Carbohydrates, glycemic index, glycemic load, and colorectal cancer risk: a systematic review and meta-analysis of cohort studies
Aune D et al., (2012) Cancer Causes Control 23:521-535
Objective: To review the evidence from prospective cohort studies for dietary carbohydrate to influence colorectal cancer risk
Design: Systematic review and meta-analysis of prospective cohort studies
Main outcome measures: Relative risk (high versus low intake meta-analysis, and dose response (meta-analysis) of colorectal cancer for GI, GL, total carbohydrate, sucrose, and fructose
Results: 14 cohort studies were identified. The summary RR for high vs low intake was for total carbohydrate 1.00 (CI 0.87-1.14), GI 1.07 (CI 0.99-1.16), and GL 1.00 (CI 0.91-1.10). The summary RR for a dose response was for total carbohydrate per 100g/day 0.95 (CI 0.84-1.07), per 10 GI units 1.07 (CI 0.99-1.15) and per 50 GL units 1.01 (CI 0.95-1.08). Six and five studies were included in the meta-analysis of high vs. low sucrose or fructose respectively with an RR of 1.01 (CI 0.87-1.16) for sucrose, and an RR of 1.05 (CI 0.87-1.27) for fructose. In sub-group meta-analyses, a significant positive association was found between GI and colorectal cancer risk in studies which had adjusted for PA (n=8) and in men (n=3) but not women.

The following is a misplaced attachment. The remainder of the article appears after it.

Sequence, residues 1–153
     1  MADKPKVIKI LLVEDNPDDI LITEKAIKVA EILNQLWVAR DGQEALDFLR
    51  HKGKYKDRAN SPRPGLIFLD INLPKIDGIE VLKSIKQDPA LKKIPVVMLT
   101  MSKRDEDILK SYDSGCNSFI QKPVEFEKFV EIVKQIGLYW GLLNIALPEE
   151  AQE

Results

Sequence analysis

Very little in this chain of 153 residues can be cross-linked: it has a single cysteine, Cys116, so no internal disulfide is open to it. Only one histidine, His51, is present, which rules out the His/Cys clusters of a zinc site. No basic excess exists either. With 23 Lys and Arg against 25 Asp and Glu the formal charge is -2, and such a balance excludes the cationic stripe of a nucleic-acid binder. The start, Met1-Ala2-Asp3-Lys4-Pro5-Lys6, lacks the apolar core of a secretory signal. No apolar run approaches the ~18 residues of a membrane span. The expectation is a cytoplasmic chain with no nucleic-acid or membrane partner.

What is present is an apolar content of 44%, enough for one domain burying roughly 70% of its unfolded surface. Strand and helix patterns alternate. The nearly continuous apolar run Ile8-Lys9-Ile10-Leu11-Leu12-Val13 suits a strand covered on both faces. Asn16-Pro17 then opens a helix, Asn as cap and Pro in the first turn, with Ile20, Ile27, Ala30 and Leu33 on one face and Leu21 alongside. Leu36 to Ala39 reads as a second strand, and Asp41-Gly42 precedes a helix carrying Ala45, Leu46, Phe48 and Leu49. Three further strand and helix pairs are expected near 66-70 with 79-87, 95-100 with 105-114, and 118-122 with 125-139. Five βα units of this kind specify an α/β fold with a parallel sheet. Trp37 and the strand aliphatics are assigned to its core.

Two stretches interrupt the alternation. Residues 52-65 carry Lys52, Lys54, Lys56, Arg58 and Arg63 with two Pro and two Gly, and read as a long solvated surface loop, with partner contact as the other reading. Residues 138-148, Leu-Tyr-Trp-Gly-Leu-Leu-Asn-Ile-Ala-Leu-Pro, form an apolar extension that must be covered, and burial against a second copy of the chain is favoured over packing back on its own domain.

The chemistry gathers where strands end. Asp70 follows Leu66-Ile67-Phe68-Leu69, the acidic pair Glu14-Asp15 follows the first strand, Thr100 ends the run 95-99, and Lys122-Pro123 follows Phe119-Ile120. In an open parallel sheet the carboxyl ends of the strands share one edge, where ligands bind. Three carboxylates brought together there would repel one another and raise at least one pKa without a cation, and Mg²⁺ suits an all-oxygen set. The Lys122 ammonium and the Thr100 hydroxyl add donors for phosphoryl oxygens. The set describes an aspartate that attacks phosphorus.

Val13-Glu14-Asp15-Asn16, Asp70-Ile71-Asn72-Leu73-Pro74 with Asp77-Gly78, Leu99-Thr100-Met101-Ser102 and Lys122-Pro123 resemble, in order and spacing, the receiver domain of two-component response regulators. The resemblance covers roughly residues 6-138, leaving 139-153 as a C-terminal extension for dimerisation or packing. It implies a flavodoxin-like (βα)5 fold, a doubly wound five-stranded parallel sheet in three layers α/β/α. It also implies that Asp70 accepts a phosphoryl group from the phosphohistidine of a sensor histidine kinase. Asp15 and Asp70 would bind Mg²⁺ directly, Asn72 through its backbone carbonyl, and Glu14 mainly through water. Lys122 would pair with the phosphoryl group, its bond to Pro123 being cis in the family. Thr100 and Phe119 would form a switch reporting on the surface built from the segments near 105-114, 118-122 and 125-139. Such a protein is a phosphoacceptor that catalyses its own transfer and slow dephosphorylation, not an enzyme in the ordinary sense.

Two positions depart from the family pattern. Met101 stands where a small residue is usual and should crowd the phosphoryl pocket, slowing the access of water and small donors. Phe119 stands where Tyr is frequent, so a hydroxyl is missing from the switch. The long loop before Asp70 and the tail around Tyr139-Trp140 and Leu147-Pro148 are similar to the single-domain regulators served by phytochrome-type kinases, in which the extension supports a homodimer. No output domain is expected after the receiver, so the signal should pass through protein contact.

Conclusions: The results of the meta-analysis do not support an independent association between diets high in carbohydrate, GI or GL and colorectal cancer risk.
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